Thursday, 13 January 2011

Poorly pup! :o(

The week has almost passed and up until Wednesday night it hadn’t been too bad, what bought a dampener on the week was noticing that Ronnii, our Yorkie, had something rather unpleasant looking near her nethers. On closer inspection it appeared that she had some sort of prolapsed in that region. We found her insurance policy and rang a 24 hour vet helpline who advised that she see a vet ASAP. Thursday morning arrived and Trudes rang the vet that we use in Hythe and arranged for Ronnii to be seen at ten. By ten forty Trudes rang me to say that Ronnii had something called a semi necrotic polyp. Apparently it looks and sounds worse than it actually is, Trudes’ has advised me not to look it up on Google, and so I have no intention of doing so. From the way she phrased it I wouldn’t advise anyone should. Friday morning I will be taking little Ronnii Rocket down to the vet where I will leave her in the capable hands of what I consider to be the best vet in the area. So I’m a bit more at ease knowing that she will be in the most caring environment possible, other than home of course, but I am a little worried as it turns out that Ronnii isn’t about six years old as we were led to believe, she is actually nearer eleven years old. This changes everything, were she six then the risks presented by a general anesthetic wouldn’t be as high, but with her being much older there is a greater chance that being knocked out could be quite dangerous. Fortunately I have absolute trust in the vet and if he says that she will be fine, then I’m sure she will be, but you can’t help but worry.

Of course this does mean that Ronnii Rocket will have to wear a lamp shade for a while and we will have to be extra vigilant in keeping Richie off her back, quite literally, but once she recovered I don’t doubt that she’ll be back to her normal self and seeing Richie off herself.

On top of this, Trudes has a very nasty throat infection and feeling particularly yucky, but given the fact that chemo has shot her immune system to pot she’s been quite lucky. I know that we’ll get through this rough patch, but I also know that she was desperately hoping to start 2011 with a better result than the one she got. In an odd way Ronnii being poorly has helped to distract her from her own fears and focus on making sure that the pup will be ok. It’s odd how people face adversity and I have the deepest admiration for the way Trudy has openly held herself together over the last twelve months, perhaps longer. I am certain that when I have been at work or out in general she has allowed herself to drop the brave face she puts on every day. She may not think it but I think that she is one of the bravest people I know, and for that I love her wholly.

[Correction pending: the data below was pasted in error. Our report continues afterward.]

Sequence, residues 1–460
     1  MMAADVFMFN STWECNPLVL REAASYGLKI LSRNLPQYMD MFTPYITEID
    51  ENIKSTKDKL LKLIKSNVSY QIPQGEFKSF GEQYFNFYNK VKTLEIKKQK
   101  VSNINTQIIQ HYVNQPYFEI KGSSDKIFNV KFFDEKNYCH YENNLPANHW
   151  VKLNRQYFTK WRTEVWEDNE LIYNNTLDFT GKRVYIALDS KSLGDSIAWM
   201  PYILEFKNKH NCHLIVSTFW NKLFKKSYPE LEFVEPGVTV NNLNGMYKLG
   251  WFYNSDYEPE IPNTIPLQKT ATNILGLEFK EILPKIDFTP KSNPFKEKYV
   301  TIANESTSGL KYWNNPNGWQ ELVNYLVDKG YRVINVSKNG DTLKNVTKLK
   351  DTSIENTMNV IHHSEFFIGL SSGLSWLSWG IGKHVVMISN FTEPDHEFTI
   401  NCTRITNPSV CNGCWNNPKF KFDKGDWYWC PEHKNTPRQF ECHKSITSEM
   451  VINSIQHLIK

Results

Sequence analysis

Whilst I’m on the subject of brave, I happened to see the beginning of Dancing on Ice on Sunday, one of the contestants is a former soldier who served in Iraq, he sustained terrible injuries and he is still recovering from those injuries that he received seven years ago. He put the lives of others above his own and saved the lives of other soldiers, not once but twice. He was awarded the Victoria Cross for his actions, rightly so. To me, this man is the complete definition of the word “hero” whilst many people use that word to describe football players or talent show winners; they aren’t even close in comparison.

Sunday, 9 January 2011

Astronomy club

Hello you, welcome to 2011, I hope the year has started well for you, if it has I hope it continues to be good, if it didn’t then let’s hope it gets better.

I went back to work on Tuesday, oh joy! It hasn’t been too bad but it’s early in the year so we’ll see what happens. I had the day off on Friday as Trudes was off to hospital and the pups needed someone with them. Little Ronnii’s come into season and we can’t risk letting Richie have his wicked way with her. It wouldn’t be good for her and with Richie’s heart problem it wouldn’t be great for him either. So I had a couple of hours with them whilst Trudes was off at the hospital.